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Employer Must Show Evidence of Union’s Loss of Majority Support to Withdraw Recognition

Frank Mamat, Southfield Attorney

Frank T. Mamat


The National Labor Relations Board recently ruled in Kauai Veterans Express, that a Hawaii trucking company violated Section 8(a)(5) of the National Labor Relations Act by unilaterally withdrawing recognition from a union without objective evidence demonstrating that the union lost the support of a majority of workers.  

Kauai Veterans Express Co. (KVEC) created a petition to determine if its union members wished to be represented by its union. A majority of KVEC’s union workers indicated by checking a box on the petition that the employees wished to “leave” the union. Directly below the employees’ signatures, however, the petition stated that the “signature above indicates my … individual desire to participate as a member of Operating Engineers Local Union #3.” As is evident from the last sentence, the document contained contradictory language; some language indicating a desire to “withdraw membership” from the union and other language expressing a clear “desire to participate as a member.” Nevertheless, KVEC withdrew recognition of the union claiming it had evidence that the union lost majority support.

The NLRB upheld the administrative law judge’s (ALJ) determination that the petition did not constitute objective evidence of the union's actual loss of majority support because it reflected only the signing employees' desire to cease membership in the union, not their desire to cease having union representation. Moreover, the Board determined that KVEC did not have the necessary evidence to withdraw recognition because “the petition itself contained contradictory statements expressing both a desire to withdraw membership from the Union and to participate as a member of the Union.” As such, the Board agreed with the ALJ that KVEC violated Section 8(a)(5) and (1) of the NLRA by withdrawing recognition from the union.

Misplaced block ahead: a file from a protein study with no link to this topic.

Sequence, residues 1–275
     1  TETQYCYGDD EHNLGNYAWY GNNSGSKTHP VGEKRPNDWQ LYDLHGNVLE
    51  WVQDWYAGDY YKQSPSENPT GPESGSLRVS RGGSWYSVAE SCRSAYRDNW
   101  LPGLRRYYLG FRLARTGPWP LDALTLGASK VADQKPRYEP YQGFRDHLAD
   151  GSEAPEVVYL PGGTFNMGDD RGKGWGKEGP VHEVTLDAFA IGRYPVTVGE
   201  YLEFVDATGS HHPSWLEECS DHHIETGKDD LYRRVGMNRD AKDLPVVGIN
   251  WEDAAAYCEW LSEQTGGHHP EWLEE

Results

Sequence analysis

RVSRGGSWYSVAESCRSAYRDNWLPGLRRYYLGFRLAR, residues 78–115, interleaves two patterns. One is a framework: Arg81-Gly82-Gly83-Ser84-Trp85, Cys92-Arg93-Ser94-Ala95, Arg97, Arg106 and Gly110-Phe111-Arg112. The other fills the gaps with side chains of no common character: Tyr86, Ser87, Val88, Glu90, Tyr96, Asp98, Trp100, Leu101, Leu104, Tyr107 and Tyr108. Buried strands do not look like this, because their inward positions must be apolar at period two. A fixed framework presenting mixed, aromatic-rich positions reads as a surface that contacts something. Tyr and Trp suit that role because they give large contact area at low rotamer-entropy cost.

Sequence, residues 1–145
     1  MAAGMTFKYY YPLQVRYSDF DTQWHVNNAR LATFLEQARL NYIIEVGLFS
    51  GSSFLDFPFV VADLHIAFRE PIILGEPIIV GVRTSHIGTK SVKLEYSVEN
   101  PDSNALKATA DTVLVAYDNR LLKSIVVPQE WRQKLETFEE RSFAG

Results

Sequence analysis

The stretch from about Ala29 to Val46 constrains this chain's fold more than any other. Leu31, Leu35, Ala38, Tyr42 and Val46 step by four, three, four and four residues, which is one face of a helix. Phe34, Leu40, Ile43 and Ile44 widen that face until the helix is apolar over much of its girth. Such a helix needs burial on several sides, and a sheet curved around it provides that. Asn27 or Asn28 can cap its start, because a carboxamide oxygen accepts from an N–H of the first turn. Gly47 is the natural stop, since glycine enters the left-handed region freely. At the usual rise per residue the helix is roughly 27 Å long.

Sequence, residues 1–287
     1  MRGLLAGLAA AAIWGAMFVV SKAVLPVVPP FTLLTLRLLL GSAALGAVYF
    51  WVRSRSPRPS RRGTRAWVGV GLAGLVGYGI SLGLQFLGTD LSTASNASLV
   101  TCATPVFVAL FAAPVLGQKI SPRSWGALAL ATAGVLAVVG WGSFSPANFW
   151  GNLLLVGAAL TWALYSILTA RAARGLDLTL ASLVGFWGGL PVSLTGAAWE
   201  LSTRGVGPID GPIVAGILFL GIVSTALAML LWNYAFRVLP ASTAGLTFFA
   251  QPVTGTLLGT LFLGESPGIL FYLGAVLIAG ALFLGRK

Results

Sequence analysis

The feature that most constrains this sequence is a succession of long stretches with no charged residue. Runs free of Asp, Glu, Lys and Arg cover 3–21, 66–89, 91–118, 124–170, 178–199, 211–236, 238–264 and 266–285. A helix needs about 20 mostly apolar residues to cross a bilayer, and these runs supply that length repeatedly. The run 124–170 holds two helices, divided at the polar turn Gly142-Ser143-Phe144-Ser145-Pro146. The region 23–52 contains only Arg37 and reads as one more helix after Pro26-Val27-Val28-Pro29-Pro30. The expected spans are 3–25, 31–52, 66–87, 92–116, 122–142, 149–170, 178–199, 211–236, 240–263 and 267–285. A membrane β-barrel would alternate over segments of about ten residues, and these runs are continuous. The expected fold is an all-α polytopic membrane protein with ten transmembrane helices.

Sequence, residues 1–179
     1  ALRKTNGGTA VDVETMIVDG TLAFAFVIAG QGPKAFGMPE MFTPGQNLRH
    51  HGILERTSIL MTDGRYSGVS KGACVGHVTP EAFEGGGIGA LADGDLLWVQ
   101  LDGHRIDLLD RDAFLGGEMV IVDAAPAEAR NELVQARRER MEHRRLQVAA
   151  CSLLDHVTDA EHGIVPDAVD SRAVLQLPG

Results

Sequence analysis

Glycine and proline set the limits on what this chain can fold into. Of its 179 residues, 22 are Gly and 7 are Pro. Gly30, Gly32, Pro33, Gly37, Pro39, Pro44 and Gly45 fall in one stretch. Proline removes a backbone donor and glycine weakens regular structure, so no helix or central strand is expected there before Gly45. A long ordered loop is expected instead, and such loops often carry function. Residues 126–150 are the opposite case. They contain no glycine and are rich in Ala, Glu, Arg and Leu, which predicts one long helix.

In crafting the appropriate remedy in the case, the NLRB ordered KVEC to recognize and, upon request, bargain with the union as the exclusive collective-bargaining representative of employees in the appropriate bargaining unit. The Board ordered KVEC to:

  1. Make whole its unit employees by making contractually required contributions to the Union's pension annuity trust fund
  2. Reimburse unit employees for any expenses ensuing from its failure to make the required contributions
  3. Reimburse the union for any dues that it failed to deduct from wages and remit to the union without recouping the money owed for past dues from those employees 

The ruling is a reminder that an employer withdraws recognition of a union at its peril, and will have to prove by a preponderance of the evidence that the union had, in fact, lost majority support at the time the employer withdrew recognition.


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